Giving her victory speech, Kamala Harris has invoked the journey of her mother Shyamala Gopalan Harris from India as a teenager and hailed her for being among those who “paved the way for this moment tonight” when her daughter could become the Vice President.
“My mother, Shyamala Gopalan Harris, who is always in our hearts, when she came here from India at the age of 19, she maybe didn’t quite imagine this moment, but she believed so deeply in an America where a moment like this is possible,” she said while speaking in Delaware on Saturday night after the media had declared her the next Vice President based on its interpretation of the vote counting.
“And so I am thinking about her and about the generations of women, Black women. Asian, White, Latina, Native American women who throughout our nation’s history have paved the way for this moment tonight. Women who fought and sacrificed so much for equality and liberty and justice for all.”
Shyamala Gopalan Harris had been active in the civil rights movement and Kamala Harris recalled marching with her in protests against racial discrimination and for equal rights.
The strides the movement made have made it possible for her rise to power.
She made no mention of her Jamaican father of African descent.
Major media declared Democratic Party candidate Joe Biden and his running mate Kamala Harris the winner of the 2020 presidential election defeating President Donald Trump.
Biden referred to her as “South Asian” and not as Indian in his speech.
Harris made no mention of her Indian heritage or anything else about the country in her speech, which was focused on domestic issues.
As is customary for American politicians to speak of their families, she mentioned her husband Douglas Emhoff, her step-children Cole and Ella, and her sister Maya and her family and declared, “I love you all more than I can ever express”.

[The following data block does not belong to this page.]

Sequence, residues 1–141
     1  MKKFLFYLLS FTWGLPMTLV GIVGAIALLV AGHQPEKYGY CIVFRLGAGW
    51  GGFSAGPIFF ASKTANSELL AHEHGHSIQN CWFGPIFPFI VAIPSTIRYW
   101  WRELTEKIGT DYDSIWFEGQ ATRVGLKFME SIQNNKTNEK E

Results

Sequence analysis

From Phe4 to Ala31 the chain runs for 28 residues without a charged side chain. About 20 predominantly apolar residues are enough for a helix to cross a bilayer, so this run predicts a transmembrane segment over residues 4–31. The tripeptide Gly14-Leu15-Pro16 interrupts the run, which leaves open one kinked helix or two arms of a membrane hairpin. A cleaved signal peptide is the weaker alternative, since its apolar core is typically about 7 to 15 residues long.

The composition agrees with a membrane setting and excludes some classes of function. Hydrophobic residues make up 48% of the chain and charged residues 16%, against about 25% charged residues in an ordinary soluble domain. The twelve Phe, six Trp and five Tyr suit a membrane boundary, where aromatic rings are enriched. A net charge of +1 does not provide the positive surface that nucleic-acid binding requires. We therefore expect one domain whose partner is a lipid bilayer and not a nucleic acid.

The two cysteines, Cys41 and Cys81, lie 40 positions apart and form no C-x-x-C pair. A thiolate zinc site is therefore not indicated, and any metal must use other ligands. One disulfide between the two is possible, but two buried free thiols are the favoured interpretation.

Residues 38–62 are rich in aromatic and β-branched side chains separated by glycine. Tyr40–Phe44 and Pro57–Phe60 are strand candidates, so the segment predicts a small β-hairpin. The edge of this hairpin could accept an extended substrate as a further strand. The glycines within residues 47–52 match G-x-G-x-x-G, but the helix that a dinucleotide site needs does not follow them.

When Biden, who spoke after her finished his speech, they called up their families on the outdoor stage.
Harris introduced her niece Meena’s two children to Biden and one of them held her hand danced to the music playing in the background.
After an election held under the cloud of the Covid-19 pandemic that has resulted in more than 225,000 deaths and the campaign attacks on Trump’s handling of the crisis, the priority of Harris and Biden is dealing with it and its fallout, she said.
“The essential work (is) to save lives and beat this epidemic. To rebuild our economy so it works for working people. To root out systemic racism in our justice system and society. To combat the climate crisis. To unite our country and heal the soul of our nation.”
She hailed Biden as a leader that the world will respect and promised him her loyalty, assuring she will act like hen did with former President Barack Obama.
“No matter who you voted for, I will strive to be a Vice President like Joe was to President Obama, loyal, honest and prepared, waking up every day thinking of you and your family, because now is when the real work begins, the hard work, the necessary work, the good work,” she said.
About Biden she said: “We have elected a President who represents the best in us. A leader the world will respect and our children will look up to. A commander in chief who will respect our troops and keep our country safe, and a president for all Americans.”
Harris recalled the struggle for voting rights for women, which was achieved through a constitutional amendment 100 years ago, and the Voting Rights Act that ensured everyone will be able to vote freely.
“Tonight I reflect on their struggle, their determination and the strength of their vision to see what can be unburdened by what has been, and I stand on their shoulders, and what a testament it is to Joe’s character that he had the audacity to break one of the most substantial barriers that exist in our country and select a woman as his Vice President.”